Packing up her apartment as she prepares for the move out east, artist Beth Pederson spared a few moments to talk about the completion of her recent residency at Harcourt House.
Her artist-in-residence show, Annex (which opened Oct 4) occupies the main space of Harcourt with its bare installation. Dirty paint-splattered school chairs sit stacked in the middle of the room, which looks unkempt. Re-creating the idea of any annex or mechanical room possibly found in your typical public building, the everyday mechanical subjects of water pipes, drywall sheets and thermostats are here privileged as the objects of sole attention.
The overall installation may have benefited from the application of sound, the white noise found in the nether regions of a building’s infrastructure, and there is always the question of why one draws out dry wall with pencil tracings rather than keeping in uniform the pop-paint aesthetic, but the installation as a whole is the strongest showing of Pederson’s work to date.
Image credit: Beth Pederson, 2007.
Originally from Alberta, Pederson’s interest in the everyday mechanical most likely came from her early influences, growing up in a family of tradesmen who all loved talking about cars and car parts. She may have never picked up the tricks of the trade, but she certainly found interest in the objects of her brothers’ affections: an earlier series explored the different components of a tractor truck, focusing solely on different parts against a stark white background.
Canvas paintings of pipes and bathroom fixtures followed along with a show at Profiles Gallery, but it was during her residency at Harcourt where she stopped second-guessing herself.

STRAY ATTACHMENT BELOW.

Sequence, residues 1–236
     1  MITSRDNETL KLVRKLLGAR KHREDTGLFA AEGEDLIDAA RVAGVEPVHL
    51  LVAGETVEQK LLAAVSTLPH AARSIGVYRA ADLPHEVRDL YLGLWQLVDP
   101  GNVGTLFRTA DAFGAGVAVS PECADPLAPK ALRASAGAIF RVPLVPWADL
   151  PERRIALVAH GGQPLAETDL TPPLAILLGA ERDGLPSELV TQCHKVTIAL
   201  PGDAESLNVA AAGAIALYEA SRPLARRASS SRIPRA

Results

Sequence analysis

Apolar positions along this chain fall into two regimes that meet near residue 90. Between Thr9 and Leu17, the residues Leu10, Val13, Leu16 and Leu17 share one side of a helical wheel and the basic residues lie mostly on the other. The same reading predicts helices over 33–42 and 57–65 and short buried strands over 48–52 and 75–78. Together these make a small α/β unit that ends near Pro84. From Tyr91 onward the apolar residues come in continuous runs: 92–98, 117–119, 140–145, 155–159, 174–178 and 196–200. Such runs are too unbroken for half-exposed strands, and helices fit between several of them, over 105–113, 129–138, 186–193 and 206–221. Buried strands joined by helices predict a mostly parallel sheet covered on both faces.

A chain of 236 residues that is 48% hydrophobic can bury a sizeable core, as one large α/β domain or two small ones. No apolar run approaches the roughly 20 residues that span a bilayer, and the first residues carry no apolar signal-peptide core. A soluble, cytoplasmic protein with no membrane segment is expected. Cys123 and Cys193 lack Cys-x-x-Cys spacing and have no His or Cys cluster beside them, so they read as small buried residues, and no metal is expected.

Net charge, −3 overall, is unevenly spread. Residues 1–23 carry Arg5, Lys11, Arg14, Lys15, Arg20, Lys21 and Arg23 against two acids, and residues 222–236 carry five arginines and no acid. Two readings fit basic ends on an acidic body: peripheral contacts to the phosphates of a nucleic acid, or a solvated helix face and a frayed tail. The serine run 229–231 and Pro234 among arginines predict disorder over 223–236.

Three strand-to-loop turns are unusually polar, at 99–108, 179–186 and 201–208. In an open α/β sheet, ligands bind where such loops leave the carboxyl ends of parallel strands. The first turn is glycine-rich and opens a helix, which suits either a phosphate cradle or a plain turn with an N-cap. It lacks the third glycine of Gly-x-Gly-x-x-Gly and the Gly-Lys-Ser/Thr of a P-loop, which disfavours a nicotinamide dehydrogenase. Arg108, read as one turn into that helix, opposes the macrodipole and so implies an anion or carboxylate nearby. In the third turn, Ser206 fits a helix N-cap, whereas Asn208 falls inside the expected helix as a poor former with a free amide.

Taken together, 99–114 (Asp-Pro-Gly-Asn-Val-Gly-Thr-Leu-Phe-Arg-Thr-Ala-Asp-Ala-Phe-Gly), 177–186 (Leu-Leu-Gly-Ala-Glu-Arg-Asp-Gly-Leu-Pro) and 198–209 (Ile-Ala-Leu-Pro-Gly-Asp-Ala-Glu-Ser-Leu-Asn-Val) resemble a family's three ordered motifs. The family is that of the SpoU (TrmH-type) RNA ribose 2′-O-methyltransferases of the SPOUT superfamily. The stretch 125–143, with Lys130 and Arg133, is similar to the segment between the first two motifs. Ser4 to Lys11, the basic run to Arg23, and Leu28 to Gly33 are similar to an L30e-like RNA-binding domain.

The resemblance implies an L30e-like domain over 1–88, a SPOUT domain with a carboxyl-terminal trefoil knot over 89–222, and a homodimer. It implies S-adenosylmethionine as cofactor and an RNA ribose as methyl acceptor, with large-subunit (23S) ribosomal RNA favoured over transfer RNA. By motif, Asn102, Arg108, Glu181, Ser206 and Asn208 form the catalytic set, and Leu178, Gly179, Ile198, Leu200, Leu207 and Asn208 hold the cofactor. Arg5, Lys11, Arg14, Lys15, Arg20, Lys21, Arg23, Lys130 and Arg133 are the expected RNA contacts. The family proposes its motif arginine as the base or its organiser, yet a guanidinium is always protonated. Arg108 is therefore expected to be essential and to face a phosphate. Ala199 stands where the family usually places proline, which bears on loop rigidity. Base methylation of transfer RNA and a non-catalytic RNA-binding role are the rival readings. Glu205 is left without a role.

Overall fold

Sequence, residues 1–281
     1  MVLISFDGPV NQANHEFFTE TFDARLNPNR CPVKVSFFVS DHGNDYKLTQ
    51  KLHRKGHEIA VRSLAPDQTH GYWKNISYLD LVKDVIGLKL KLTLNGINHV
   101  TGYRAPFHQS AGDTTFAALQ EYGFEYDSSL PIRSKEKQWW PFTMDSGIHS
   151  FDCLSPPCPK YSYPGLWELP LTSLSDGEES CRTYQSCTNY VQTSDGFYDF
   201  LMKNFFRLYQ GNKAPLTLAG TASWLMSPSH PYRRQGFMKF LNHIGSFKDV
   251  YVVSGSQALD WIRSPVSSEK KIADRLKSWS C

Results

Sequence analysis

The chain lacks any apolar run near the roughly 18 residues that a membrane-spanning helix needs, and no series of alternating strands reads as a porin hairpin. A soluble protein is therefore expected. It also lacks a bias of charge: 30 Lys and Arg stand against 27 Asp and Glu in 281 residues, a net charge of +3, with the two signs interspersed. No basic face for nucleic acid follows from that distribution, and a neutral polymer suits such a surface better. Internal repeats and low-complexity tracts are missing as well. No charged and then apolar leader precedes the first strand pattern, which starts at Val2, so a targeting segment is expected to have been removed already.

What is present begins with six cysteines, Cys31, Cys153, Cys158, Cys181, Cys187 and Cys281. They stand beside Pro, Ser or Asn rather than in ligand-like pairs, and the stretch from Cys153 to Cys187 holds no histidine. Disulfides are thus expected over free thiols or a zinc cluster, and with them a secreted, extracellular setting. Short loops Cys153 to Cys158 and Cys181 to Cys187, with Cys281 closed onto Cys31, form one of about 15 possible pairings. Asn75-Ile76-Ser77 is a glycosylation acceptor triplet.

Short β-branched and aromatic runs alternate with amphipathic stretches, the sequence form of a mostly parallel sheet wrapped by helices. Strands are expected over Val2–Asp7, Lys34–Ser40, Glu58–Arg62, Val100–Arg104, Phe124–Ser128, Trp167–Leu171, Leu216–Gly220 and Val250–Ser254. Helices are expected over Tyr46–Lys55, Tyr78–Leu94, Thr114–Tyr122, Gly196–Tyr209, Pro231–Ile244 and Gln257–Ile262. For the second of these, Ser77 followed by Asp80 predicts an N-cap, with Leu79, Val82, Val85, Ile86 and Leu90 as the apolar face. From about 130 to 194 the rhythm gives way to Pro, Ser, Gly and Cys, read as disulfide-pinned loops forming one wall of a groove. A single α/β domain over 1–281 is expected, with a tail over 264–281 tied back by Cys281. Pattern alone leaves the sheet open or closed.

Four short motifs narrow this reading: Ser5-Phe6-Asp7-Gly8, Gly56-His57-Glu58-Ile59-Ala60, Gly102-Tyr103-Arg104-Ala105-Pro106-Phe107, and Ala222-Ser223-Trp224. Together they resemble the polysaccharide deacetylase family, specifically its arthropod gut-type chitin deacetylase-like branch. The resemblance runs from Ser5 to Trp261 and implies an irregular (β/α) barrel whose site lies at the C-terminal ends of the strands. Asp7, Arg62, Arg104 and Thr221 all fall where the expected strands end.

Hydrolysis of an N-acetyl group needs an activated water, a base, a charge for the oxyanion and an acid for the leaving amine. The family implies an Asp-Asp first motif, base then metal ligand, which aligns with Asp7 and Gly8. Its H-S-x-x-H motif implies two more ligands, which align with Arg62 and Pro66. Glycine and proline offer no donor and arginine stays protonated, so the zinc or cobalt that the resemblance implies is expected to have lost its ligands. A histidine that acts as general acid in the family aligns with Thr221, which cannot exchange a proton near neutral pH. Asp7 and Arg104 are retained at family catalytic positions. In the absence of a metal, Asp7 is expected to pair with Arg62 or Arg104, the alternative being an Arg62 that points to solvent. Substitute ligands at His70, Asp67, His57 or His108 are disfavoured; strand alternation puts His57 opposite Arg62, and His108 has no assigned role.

Progressing steadily in the pop-realism venue of James Rosenquist and David Salle, Pederson’s works have grown into 3D representations of the everyday by eliminating all background. Painting directly onto specially pre-cut MDF boards, the pipes and mechanics are now given their shape again, and the works are mostly installed in corners and closer to the floor, where one may anticipate the functional over the conceptual of the framed and hanging work of art.
“I wanted to bring significance by putting objects out of context and to make people notice all the daily things around them that they use on an everyday basis—but probably don’t notice,” Pederson explains.
Her first residency provided her with time, free studio space and a supplies stipend to experiment and focus on her art, privileges she has not had since graduating from the Nova Scotia College of Art and Design in 2003.
“The residency helped me to stay disciplined and to go to the studio for eight hours a day,” Pederson explains, although she always maintained part-time employment. “It’s valuable for just working out ideas and definitely needed here [in Edmonton] to keep artists going and making art.”
However, she and partner and artist Shane Krepakavich are saying farewell to Edmonton (at least for now, she says) for the cultural hub of Montréal, where both local artists feel they will be surrounded and supported by a greater network of art and culture.
With no more free studio space and the prospect of having to return to full-time hours to keep up with the increasing cost of living, Edmonton has just lost another pair of promising young artists.
*First published print and online in Vue Weekly, October 24 - 30, 2007